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RE: SSTC theory

Original poster: "Malcolm Watts" <m.j.watts-at-massey.ac.nz> 

Hi Steve,
           What I was suggesting is that in the case of the ISSTC,
matching to the *unloaded* resonator would, in my opinion, be more
useful than matching to a load.


On 25 Jun 2004, at 7:57, Tesla list wrote:

 > Original poster: "Steve Conner" <steve.conner-at-optosci-dot-com>
 >  >I seriously doubt its validity when
 >  >applied to either classic disruptive coils or the ISSTC
 > I agree that matching theory is no good for disruptive coils. But for
 > the ISSTC I think it is useful. The ISSTCs built so far have small
 > toroids with a breakout point, and a relatively long burst length,
 > that carries on after breakout. Scope traces I have seen show the
 > primary current ringing up relatively quickly, and then levelling off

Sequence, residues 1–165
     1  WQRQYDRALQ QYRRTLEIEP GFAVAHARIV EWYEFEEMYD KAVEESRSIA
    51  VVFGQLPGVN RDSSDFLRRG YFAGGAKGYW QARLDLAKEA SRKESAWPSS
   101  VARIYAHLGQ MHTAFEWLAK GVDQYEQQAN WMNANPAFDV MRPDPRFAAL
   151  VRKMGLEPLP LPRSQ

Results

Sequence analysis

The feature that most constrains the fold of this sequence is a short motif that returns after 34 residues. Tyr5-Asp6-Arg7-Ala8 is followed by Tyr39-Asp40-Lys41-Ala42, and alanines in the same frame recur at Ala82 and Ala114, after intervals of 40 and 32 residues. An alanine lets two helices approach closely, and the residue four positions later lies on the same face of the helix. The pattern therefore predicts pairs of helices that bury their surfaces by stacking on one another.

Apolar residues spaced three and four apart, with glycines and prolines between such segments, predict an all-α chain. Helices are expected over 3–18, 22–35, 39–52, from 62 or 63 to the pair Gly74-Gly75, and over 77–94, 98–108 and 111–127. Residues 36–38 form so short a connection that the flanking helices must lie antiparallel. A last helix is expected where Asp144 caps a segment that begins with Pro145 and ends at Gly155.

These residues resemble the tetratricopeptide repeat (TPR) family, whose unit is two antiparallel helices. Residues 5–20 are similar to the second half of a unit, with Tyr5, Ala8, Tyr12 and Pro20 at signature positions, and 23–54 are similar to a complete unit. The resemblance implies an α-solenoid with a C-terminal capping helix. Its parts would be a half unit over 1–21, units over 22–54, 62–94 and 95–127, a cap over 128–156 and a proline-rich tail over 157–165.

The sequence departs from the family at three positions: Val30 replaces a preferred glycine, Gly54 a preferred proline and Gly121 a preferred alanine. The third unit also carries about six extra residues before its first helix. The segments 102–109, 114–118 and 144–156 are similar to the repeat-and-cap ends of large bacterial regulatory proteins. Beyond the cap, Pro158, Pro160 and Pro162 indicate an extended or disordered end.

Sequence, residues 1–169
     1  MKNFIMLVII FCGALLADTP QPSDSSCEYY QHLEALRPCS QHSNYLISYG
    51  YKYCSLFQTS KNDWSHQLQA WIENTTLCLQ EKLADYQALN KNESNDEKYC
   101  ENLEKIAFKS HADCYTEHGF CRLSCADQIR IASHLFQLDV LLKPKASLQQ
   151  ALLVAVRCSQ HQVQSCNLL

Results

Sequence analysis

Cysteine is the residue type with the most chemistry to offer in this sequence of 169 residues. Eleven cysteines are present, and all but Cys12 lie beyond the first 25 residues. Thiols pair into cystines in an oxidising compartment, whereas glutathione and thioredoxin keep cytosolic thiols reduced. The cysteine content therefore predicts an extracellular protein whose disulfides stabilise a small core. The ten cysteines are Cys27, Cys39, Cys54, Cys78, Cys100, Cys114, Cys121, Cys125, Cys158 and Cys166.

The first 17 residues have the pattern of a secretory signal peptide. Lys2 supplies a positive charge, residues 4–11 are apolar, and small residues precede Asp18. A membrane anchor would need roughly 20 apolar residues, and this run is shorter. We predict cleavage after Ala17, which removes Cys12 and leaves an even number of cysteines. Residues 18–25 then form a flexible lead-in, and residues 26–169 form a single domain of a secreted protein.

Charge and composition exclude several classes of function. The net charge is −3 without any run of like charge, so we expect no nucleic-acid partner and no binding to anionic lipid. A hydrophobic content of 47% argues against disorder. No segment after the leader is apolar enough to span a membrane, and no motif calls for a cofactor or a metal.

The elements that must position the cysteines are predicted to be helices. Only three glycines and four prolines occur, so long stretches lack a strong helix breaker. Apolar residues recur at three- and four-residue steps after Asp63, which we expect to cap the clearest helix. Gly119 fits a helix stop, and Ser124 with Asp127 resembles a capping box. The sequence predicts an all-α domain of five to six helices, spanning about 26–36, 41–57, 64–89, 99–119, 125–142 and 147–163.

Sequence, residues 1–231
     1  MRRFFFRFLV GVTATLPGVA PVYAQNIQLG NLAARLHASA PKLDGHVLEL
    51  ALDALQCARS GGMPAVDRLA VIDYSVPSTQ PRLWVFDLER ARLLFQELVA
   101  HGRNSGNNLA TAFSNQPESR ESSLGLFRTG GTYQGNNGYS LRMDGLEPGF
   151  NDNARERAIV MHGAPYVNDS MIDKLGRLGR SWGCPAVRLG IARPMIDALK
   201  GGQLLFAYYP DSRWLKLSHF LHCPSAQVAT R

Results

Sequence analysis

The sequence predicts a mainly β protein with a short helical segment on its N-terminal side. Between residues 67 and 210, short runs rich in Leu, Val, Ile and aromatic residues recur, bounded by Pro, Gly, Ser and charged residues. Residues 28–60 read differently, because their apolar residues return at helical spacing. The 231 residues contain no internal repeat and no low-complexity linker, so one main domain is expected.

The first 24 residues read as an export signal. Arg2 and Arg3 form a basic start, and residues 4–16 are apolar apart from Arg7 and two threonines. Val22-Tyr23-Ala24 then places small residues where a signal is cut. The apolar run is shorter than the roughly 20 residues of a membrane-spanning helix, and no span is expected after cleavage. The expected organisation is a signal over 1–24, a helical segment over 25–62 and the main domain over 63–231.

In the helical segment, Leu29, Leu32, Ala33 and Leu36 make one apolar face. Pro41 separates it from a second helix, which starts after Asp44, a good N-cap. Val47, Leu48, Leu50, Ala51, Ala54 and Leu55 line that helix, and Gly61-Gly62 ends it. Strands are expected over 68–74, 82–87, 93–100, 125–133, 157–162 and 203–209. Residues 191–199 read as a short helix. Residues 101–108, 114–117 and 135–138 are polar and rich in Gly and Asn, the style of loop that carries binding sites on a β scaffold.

> at breakout.
 > This I think of as a "quasi-CW" ISSTC, and it can potentially have a
 > "bang energy" much greater than a disruptive coil with the same
 > components, as the inverter feeds the discharge directly.
 > The opposite is a "quasi-disruptive" ISSTC, with a big toroid,
 > full-rated tank capacitor, no breakout point, and the inverter
 > switching off around breakout time so it never feeds the discharge
 > directly. It has roughly twice the bang energy of a disruptive coil
 > with the same components.
 > Whether the "quasi-CW" thing is a red herring, will have to be proved
 > by experiment, by measuring the tank capacitor voltage and seeing how
 > the stored energy compares to the bang energy. But, I think even if it
 > turns out that all practical ISSTCs are quasi-disruptive, the matching
 > theory will still get you into the right ballpark.
 > Steve C.